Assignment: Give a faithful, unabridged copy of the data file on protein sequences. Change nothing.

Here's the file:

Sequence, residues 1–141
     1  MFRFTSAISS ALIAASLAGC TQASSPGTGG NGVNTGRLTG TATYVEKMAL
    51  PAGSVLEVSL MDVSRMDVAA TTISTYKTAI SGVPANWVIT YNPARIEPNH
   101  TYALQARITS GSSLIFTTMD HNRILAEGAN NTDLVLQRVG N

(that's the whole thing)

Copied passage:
Sequence, residues 1–141
     1  MFRFTSAISS ALIAASLAGC TQASSPGTGG NGVNTGRLTG TATYVEKMAL
    51  PAGSVLEVSL MDVSRMDVAA TTISTYKTAI SGVPANWVIT YNPARIEPNH
   101  TYALQARITS GSSLIFTTMD HNRILAEGAN NTDLVLQRVG N